Summer is likely to start off hot and dry, according to the Bureau of Meteorology’s summer outlook, released today.
Much of eastern Australia is likely to be hotter and drier than average, driven by the same climate influences that gave us a warmer and drier than average spring.
But these patterns will break down over summer, meaning these conditions may ease for some areas in the second half of the season. Despite this, we’re still likely to see more fires, heatwaves, and dust across eastern Australia in the coming months.BOM
What drove the climate in 2019
Our current weather comes in the context of a changing climate, which is driving a drying trend across southern Australia and general warming across the country.
In southern Australia, rain during the April to October “cool season” is crucial to fill dams and grow crops and pasture. However, like 17 of the previous 20 cool seasons, 2019 was well below average, meaning a dry landscape leading into the summer months.
The frequency of high temperatures has also increased at all times of year, with the greatest increase in spring.
But summer, like spring, will also be influenced by two other significant climate drivers: a change in ocean temperatures in the Indian Ocean, and warm winds above Antarctica pushing our weather systems north.
The first driver is a near-record strong positive Indian Ocean Dipole (IOD). A positive IOD occurs when warmer than average water develops near the Horn of Africa, and cooler waters emerge off Indonesia.
This pattern draws moisture towards Africa - where in recent weeks they have seen flooding and landslides - and produces higher pressures over central and southern Australia. This means less rain for Australia in winter and spring.
Usually the IOD events break down by early summer, when the monsoon arrives in the southern hemisphere. However, this year the monsoon has been very sluggish moving south – in fact it was the latest retreat on record from India – and international climate models suggests the positive IOD may not end until January.BOM
The other unusually persistent climate driver is a negative Southern Annular Mode (SAM), which means weather systems over the Southern Ocean - the fronts and lows and wild winds - are further north than usual. This means more days of westerly winds for Australia.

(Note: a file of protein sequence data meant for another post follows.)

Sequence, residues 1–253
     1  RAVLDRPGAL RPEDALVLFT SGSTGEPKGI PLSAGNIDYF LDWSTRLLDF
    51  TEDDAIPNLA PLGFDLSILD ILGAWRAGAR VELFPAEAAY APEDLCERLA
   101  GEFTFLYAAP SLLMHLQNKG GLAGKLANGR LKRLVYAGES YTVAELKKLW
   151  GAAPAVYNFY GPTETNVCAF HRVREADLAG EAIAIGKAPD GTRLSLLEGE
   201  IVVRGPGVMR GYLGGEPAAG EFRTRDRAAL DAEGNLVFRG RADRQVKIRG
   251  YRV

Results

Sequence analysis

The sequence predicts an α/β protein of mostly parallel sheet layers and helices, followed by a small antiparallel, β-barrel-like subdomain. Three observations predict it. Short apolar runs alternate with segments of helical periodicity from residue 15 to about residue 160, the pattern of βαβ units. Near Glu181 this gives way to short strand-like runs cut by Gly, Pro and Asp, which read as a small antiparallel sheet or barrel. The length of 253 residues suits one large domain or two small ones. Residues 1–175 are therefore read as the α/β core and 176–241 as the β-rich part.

In western Tasmania, where those winds are coming off the ocean, it means cooler and wetter weather. In contrast, in southeast Queensland and New South Wales, where westerlies blow across long fetches of land, this air is dry and hot.
This persistent period of negative SAM in 2019 was triggered by a sudden warming of the stratosphere above Antarctica - a rare event identified in early September.
Models suggest the negative SAM will decay in December. This means the second half of summer is less likely to be influenced by as many periods of these strong westerlies.
But while both these dry climate drivers are expected to be gone by midsummer, their legacy will take some time to fade.
The positive IOD and the dry conditions we have seen in winter and spring are associated with severe fire seasons for southeast Australia in the following summer.
And while the drying influences are likely to ease, the temperature outlook indicates that days are very likely to remain warmer than average.
We also know that any delay in the monsoon will keep air drier for longer across Australia, and potentially aid in heating up the continent.BOM
What about the wet season?
For areas of southern Queensland and northeastern NSW, the wet season will eventually bring seasonal rains, although heatwaves are likely to continue through summer.
So, while the outlook for below average rainfall may ease over summer months for some areas, the lead-up to summer means Australia’s landscape is already very dry. Even a normal summer in the south will mean little easing of the dry until at least autumn.
With dry and hot conditions looking likely this summer, it’s important to stay safe, have an emergency plan in place, look after your friends and neighbours in the hot times, and always listen to advice from your local emergency services.
The authors do not work for, consult, own shares in or receive funding from any company or organisation that would benefit from this article, and have disclosed no relevant affiliations beyond their academic appointment.
Authors: Catherine Ganter, Senior Climatologist, Australian Bureau of Meteorology